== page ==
Nov. 5 (Bloomberg) — Vendors of electronic medical records systems focus on the basics: a user-friendly product that meets customer needs at a competitive price. The successful vendors achieve it.
It isn’t rocket science but it could be enough to launch a vendor past competitors who aren’t adapting to clients’ changing needs and leaving them dissatisfied.
My Bloomberg Government colleague Suzanne Levingston looked closely at the vendor market for electronic medical records and found such basics – obvious as they should be – play a big part in determining who succeeds.
Levingston’s findings aren’t surprising, but are nevertheless telling and informative: vendors need to deliver usable and affordable products. There is often no substitute for a back-to-basics, customer-driven approach. Listen to the customer, give the customers what they need and when they need it, and give it to them at a competitive price.
When vendors give doctors what they want and need, the evidence is building that the care delivered to patients — actual human beings — improves. Electronic records allow doctors to screen patients for diseases such as breast cancer and diabetes earlier, when illness can still be prevented or less invasive treatments are options. And despite misgivings, a generation of doctors that has grown up with iPads, cell phones and the internet believe that electronic medical records will improve the quality of care.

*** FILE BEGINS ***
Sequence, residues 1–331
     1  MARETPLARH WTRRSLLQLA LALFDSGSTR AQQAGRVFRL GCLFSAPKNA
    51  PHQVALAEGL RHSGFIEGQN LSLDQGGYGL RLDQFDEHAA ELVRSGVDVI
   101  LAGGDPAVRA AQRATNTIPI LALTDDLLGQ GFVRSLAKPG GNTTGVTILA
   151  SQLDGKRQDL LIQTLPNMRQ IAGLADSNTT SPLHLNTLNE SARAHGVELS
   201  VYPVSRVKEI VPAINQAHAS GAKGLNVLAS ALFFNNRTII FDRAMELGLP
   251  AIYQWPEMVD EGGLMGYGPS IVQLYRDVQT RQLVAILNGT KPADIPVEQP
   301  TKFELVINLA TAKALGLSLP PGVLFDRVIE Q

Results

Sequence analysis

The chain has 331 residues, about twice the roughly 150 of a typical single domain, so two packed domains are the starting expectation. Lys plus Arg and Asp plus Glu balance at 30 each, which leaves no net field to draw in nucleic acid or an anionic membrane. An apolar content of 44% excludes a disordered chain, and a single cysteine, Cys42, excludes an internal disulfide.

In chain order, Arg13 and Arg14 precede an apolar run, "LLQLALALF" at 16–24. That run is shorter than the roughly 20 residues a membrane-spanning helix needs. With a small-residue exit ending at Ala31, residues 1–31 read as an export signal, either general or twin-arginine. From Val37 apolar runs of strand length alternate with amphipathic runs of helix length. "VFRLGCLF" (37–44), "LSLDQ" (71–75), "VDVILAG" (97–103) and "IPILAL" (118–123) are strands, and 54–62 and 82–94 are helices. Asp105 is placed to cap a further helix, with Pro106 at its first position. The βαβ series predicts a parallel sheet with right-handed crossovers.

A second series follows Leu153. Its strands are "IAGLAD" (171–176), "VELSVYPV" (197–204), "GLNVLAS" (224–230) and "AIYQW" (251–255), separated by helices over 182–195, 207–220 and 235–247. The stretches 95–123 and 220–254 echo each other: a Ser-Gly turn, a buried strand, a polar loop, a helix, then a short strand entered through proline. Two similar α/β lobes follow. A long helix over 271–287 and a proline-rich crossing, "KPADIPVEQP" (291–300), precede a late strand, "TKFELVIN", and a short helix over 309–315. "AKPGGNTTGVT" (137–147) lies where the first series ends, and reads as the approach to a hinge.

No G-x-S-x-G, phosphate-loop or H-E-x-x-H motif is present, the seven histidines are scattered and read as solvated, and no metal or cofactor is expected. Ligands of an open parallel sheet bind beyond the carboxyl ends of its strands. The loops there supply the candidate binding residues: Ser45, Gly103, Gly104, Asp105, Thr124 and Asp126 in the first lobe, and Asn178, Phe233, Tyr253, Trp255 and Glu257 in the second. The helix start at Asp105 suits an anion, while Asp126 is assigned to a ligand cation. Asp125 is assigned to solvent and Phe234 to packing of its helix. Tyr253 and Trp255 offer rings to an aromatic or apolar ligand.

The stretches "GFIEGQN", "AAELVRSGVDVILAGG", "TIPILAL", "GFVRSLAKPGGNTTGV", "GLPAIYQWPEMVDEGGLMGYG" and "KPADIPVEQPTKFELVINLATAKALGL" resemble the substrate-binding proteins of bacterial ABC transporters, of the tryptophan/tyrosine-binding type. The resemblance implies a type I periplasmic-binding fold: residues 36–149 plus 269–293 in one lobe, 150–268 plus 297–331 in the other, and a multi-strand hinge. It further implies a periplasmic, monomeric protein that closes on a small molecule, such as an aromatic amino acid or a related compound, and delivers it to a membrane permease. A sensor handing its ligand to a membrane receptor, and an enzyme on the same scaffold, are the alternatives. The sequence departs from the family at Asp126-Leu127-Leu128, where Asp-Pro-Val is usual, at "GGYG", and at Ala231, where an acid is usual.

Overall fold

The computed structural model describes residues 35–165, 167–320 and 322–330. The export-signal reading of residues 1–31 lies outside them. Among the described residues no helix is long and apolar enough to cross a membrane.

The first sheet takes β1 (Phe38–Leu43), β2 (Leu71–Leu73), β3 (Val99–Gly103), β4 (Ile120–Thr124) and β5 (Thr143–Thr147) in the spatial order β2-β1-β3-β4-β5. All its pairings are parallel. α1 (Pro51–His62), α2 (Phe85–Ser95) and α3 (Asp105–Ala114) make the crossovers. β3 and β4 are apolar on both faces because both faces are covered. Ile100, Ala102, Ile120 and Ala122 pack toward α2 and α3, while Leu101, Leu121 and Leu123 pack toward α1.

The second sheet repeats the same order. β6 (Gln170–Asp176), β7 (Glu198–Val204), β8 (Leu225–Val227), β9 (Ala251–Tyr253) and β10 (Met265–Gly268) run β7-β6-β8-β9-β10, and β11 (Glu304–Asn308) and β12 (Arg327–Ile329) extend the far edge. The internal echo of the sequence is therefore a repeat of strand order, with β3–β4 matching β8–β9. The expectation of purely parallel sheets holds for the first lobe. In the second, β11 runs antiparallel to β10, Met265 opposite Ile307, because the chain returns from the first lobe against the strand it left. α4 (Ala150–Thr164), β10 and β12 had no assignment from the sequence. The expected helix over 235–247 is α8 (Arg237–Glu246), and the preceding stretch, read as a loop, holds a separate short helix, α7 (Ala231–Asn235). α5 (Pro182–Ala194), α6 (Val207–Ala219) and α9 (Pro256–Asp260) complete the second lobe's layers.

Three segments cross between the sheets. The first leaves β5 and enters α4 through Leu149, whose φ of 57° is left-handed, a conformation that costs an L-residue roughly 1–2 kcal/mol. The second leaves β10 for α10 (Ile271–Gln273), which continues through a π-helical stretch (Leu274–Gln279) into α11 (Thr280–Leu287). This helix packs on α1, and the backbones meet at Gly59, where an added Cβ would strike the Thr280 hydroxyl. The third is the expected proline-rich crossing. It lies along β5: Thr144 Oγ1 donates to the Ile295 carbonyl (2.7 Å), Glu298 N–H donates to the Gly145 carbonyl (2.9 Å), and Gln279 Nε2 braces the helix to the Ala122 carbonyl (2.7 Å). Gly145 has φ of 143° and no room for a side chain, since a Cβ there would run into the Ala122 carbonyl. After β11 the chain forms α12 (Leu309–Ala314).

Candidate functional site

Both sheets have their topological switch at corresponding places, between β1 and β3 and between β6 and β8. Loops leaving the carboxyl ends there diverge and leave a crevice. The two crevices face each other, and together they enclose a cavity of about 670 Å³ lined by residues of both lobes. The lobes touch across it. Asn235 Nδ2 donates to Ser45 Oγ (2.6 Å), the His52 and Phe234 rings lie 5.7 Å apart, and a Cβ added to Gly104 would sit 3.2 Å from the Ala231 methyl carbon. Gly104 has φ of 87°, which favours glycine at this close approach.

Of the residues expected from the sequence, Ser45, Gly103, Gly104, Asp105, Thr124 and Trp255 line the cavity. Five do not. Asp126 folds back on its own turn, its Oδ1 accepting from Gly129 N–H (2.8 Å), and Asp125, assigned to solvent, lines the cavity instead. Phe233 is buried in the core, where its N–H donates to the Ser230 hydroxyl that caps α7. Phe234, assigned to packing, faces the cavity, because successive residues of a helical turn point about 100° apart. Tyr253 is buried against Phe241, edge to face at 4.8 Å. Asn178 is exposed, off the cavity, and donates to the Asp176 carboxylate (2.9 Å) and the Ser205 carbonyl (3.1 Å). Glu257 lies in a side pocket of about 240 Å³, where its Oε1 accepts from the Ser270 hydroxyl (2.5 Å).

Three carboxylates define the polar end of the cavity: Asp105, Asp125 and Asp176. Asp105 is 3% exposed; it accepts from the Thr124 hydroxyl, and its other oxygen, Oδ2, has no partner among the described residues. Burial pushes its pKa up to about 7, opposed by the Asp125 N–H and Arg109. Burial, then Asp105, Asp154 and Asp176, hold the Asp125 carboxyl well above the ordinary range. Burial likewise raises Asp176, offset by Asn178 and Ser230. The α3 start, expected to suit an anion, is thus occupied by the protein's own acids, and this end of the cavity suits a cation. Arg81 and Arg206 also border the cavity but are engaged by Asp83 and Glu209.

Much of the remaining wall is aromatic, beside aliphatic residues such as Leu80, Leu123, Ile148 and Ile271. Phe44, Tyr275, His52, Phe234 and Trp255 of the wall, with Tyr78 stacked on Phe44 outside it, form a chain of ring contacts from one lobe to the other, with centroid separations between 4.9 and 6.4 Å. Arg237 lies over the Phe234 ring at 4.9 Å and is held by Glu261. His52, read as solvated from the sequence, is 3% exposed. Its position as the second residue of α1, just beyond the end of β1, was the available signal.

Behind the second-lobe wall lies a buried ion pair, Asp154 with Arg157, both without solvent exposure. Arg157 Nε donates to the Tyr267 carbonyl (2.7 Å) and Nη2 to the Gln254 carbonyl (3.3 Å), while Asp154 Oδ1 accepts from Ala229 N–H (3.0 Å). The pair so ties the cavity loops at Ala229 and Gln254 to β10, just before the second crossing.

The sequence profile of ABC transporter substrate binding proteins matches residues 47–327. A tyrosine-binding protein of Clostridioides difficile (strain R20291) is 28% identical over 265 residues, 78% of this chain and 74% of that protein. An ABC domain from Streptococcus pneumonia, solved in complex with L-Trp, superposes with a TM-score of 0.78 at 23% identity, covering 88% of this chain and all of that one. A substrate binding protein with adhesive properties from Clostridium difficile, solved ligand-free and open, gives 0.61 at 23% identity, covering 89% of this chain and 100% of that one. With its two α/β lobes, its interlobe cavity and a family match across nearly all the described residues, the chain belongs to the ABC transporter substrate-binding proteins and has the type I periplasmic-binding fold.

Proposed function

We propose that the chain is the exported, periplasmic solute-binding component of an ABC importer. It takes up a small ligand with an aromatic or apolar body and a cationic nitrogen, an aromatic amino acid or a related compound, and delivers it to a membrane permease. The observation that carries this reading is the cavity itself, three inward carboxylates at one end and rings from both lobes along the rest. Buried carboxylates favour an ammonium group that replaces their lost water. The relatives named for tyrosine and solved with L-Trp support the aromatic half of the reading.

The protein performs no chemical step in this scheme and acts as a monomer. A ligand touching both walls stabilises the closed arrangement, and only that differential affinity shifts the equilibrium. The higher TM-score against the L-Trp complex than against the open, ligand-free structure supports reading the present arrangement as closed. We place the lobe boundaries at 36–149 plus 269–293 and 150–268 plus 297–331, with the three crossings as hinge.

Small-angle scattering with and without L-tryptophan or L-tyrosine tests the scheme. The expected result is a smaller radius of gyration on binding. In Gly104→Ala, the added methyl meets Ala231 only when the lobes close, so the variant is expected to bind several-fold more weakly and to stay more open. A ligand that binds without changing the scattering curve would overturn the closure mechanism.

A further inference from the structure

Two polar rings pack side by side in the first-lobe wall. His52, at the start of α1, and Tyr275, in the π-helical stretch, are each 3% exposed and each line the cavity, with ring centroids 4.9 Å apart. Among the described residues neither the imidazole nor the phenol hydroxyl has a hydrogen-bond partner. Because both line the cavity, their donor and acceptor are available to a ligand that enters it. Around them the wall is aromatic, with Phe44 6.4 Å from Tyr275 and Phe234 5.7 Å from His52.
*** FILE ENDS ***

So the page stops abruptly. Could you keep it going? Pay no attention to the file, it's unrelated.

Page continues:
Vendors most familiar with and responsive to their customers’ unique needs are gaining a larger share of the market, especially among second-time buyers. Having been disappointed once, those buyers are wary the second or third time around. Companies that haven’t been doing a good job are losing out to those that are more responsive to an evolving and changing market place.
Darwin is alive and well in 2012.
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